Back in 1971, two scholars…described the human condition as a "hedonic treadmill". Essentially, we have to keep working hard just to stay in the same relative place in society. Even when our situation improves, the sense of achievement is only temporary, because our hedonistic desires and expectations rise at the same rate as our circumstances. Brickman and Campbell noted that lottery winners are not any happier, long-term, than non-winners, and paraplegics are not less happy than those us with all our limbs. They argued that this plight was inescapable, due to our neural wiring. Our brains are designed to notice novel stimuli, and tune out everyday, predictable stimuli. What we really notice, and are affected by, are relative and recent changes. As soon as those become static, we return to a baseline level of well-being.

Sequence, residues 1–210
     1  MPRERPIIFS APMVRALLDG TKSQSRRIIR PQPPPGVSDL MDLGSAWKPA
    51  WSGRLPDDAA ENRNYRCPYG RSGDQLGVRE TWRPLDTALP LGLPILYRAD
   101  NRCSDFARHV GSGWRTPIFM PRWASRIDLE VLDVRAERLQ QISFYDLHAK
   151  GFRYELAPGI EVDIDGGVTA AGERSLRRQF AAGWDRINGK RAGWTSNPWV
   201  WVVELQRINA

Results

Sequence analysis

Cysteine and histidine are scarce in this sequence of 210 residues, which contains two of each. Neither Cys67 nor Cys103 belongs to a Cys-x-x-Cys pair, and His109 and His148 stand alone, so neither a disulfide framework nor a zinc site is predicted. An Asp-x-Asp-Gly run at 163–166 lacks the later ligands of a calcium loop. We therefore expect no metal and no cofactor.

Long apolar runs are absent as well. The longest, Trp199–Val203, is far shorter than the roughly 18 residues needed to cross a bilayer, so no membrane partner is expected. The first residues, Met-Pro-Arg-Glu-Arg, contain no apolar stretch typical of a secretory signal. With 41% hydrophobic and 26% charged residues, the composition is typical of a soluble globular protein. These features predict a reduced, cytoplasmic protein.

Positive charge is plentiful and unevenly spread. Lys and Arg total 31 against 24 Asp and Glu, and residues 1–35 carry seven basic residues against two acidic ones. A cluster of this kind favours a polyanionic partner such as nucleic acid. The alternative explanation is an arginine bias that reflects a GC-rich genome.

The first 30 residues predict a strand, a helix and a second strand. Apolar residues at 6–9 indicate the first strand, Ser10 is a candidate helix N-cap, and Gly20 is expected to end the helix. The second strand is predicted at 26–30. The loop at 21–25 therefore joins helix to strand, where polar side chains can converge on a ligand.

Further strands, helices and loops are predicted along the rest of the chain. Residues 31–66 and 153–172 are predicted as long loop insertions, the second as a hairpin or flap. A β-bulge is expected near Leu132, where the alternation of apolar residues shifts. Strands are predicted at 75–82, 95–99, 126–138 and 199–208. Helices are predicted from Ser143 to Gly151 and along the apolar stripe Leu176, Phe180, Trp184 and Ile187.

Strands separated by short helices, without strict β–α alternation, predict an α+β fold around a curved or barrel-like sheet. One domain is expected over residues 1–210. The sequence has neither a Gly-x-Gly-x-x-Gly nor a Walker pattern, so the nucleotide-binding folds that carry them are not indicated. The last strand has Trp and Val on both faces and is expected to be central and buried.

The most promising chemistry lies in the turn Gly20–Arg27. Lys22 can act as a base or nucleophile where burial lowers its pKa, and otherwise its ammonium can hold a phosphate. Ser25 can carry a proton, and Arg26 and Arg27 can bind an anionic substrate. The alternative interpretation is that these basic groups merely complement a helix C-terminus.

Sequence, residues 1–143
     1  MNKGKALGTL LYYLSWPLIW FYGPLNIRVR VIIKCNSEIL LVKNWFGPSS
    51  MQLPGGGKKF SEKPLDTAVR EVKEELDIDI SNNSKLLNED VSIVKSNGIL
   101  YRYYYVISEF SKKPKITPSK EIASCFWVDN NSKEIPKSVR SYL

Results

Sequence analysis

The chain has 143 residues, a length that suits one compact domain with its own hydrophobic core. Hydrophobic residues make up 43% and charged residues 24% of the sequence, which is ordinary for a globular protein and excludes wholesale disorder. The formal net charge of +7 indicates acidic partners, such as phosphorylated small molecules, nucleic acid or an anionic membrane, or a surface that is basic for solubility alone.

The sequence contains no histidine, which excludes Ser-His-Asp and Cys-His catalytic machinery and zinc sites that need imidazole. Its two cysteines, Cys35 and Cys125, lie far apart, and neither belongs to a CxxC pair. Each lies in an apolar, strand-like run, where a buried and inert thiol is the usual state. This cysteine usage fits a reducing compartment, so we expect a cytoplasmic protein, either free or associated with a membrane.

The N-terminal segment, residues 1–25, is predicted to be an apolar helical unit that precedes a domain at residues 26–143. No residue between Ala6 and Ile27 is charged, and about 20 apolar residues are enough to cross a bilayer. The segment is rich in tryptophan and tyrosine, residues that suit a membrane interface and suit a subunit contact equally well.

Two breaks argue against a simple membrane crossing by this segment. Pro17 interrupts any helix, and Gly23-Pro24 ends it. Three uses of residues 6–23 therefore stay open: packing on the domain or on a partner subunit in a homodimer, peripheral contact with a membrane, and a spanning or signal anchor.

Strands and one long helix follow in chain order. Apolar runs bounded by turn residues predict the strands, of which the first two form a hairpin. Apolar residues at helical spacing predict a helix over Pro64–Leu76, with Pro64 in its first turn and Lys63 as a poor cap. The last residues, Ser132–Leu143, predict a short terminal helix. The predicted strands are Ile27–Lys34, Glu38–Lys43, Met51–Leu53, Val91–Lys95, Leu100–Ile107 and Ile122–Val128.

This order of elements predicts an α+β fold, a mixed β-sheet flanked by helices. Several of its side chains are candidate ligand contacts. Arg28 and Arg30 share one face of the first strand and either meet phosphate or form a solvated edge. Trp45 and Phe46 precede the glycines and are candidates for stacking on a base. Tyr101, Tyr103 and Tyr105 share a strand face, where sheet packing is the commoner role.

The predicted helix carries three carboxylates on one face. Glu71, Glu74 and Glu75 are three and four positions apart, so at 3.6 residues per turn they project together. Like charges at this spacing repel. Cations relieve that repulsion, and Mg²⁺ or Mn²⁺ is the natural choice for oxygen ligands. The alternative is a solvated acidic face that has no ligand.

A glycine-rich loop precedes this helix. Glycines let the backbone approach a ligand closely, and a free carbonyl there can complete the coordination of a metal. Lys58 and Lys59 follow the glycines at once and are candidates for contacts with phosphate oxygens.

That we are so adaptive can be a good thing. When life falls apart, we'll soon get used to it - such changes in circumstance don't have to become incapacitating. But when our lives are blessed, and things are going well, there seems something morally decrepit in how we so easily overlook how good we have it.The authors go on to point out subsequent research which has revealed flaws and subtleties in this theory, so I wouldn't think of this as established science: it's more like an interesting way to think about what really makes you fundamentally happy vs. what is mere novelty. For guidance on that front I recommend Man's Search for Meaning.